I swear President Obama knows me a little too well for not knowing me at all—I’ve spent the last week fuming over the current state of P(o)C culture, and to my surprise, I came across this article which mirrored my own sentiments.
I spoke with a classmate a couple weeks ago, which fueled much of my discontent. In retelling their semester to me, they shared “I’ve been trying to surround myself with people who either get it [it being the problems their community is facing], or have never said stuff about the topic that I disagreed with.”
There are many problems with that statement that it’s hard for me to know where to begin—first off, why do people feel that addressing oppression with intolerance is the answer? Cutting yourself off from anyone with even a slightly different view places you in an ideal bubble, which provides a false sense of security. Refusing to listen to other opinions and accept difference is the problem that brews intolerance in the first place, and is one of the reasons students of color feel so oppressed. As such, college students should not be coddled from hearing opposing views. College is a time to learn about all perspectives, to make educated opinions using these views, and to try and understand differences within this views.
Hypersensitivity is not the answer. I go to school in Southern California, perhaps the most liberal bubble in the country. My school, Harvey Mudd College, is one of few colleges with an Office of Institutional Diversity, let alone with such diversity in its admission. In the past few months, students of color have become radically hypersensitive to topics, to the point where it’s unhealthy for them and everyone else. A student recently wrote about the “toxicity” of the Claremont bubble and how they couldn’t wait to return home where they could escape this oppression…. I was left perplexed. Mudd isn’t perfect, I’m well aware and there’s much growth to be made, but we are trying, and we are trying hard. This effort certainly does not warrant the hopeless and “toxic” perceptions students try to associate it with.
The culture at the Claremont Colleges is becoming increasing unhealthy—students of color share their experiences, but no one is allowed to counter their arguments. Many of my peers are afraid to speak up and to share their own views—that this extreme sensitivity is detrimental to our culture. I can’t even share my own opinions, because I’ll be called a privileged minority. I’ll be told I don’t understand the “real” struggle of minorities (which in fact, someone has said to me).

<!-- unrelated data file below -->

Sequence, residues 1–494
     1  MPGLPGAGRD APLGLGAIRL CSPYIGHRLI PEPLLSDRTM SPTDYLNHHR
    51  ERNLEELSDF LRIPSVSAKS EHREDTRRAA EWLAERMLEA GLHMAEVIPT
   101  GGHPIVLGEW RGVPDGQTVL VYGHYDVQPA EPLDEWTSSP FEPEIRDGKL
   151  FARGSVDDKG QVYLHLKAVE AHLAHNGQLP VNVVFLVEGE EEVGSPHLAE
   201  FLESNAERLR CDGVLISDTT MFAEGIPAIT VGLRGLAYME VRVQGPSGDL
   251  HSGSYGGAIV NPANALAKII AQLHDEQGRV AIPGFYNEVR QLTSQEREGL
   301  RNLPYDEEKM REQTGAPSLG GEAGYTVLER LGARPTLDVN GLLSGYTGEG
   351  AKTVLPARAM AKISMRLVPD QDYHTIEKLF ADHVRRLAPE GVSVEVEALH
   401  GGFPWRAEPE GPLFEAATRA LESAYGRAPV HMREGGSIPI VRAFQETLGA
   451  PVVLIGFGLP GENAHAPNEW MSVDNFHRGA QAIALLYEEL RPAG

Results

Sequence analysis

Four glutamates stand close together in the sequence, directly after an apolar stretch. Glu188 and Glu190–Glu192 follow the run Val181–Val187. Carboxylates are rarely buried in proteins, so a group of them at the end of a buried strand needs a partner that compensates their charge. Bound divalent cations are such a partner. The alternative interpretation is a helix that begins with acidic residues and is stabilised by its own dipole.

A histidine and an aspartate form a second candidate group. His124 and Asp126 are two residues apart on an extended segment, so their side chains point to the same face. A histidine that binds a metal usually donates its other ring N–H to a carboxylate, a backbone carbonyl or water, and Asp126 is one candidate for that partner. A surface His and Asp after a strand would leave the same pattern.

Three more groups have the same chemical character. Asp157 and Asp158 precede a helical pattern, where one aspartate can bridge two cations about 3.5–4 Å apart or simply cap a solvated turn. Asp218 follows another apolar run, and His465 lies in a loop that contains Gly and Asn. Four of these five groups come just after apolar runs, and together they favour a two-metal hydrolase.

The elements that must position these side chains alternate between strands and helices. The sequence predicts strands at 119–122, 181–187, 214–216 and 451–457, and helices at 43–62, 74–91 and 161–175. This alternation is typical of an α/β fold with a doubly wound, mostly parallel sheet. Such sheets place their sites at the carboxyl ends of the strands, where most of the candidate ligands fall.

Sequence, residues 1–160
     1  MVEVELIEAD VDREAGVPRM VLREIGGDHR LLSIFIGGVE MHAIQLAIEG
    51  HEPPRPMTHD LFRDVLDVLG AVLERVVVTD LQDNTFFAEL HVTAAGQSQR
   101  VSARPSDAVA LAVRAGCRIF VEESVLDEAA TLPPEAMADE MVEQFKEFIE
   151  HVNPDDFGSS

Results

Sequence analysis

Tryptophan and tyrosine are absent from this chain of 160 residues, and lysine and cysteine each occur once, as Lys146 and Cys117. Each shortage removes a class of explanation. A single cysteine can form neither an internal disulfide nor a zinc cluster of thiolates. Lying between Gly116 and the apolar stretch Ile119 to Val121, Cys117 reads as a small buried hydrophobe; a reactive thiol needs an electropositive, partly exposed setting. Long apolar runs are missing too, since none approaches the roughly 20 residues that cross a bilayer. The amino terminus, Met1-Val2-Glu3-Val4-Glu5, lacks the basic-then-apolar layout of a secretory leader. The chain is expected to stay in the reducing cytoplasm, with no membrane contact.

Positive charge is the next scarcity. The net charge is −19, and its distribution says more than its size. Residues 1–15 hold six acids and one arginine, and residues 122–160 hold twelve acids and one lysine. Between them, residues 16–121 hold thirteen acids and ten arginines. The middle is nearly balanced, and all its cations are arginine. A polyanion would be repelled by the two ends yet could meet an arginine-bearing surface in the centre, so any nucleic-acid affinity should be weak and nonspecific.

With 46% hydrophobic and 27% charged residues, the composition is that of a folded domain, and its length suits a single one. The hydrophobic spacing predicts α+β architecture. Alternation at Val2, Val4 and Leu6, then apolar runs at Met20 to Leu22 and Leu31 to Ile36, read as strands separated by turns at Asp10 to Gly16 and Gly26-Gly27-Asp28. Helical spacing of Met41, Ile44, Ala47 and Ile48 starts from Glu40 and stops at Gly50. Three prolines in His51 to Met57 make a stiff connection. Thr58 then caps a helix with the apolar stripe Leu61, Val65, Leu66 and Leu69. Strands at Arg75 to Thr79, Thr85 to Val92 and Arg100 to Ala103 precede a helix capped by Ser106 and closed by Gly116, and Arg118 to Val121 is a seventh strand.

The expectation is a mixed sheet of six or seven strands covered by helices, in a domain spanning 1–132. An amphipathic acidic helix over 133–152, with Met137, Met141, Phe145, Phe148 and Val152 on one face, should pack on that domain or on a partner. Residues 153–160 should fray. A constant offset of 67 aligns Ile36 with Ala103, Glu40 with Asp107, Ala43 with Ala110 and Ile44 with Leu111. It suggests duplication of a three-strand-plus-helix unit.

No one should be told their struggles aren’t real, nor should they be shamed for having their own views. Every minority certainly has different experiences—whether with racial profiling, raw violence, or microaggressions—however, it is not any of our place to claim one struggle is greater than another. Our individual experiences make us who we are, and as minorities, that’s what we’re supposed to band together for—what we’re supposed to fight against. Nobody should be told that their experiences as a person of color are not important, and they definitely should not be told that they are less in comparison to someone else.
Let’s quickly consider the larger scale consequences of this outlook. Last year, Madeleine Albright was invited to speak at Scripps College’ commencement—perturbed by this decision, several faculty members and students boycotted and refused to show up at her speech, for Scripps had chosen a white feminist for another year in a row. She wasn’t chosen because she was white, or because she was feminist. She was chosen because she broke an incredibly gendered barrier, becoming the first female secretary of state. That’s huge, and that’s why she deserves to be celebrated. However, for her and for other white leaders who are champions of minorities, allyship is not welcomed. It seems that many poeple of color want others to be allies, but then they claim that because these allies do not understand their struggle, they have no place speaking for them. These women– these allies– are not trying to speak for them, they’re just trying to help and improve conditions for people of color. However, POC will tend to alienate all their allies through this process, and then say no one cares about them. How is that productive? This could be seen within Hillary’s campaign for the presidency as well- Hillary spent her entire life fighting for women and POC rights, but because she doesn’t first-handedly understand their struggles, they claimed that she hadn’t done enough, and that she didn’t deserve their sympathy or empathy. This problem is slowly tearing the Democratic party apart by alienating a large portion of its constituency, and this needs to be addressed if we want to see any change in the coming years.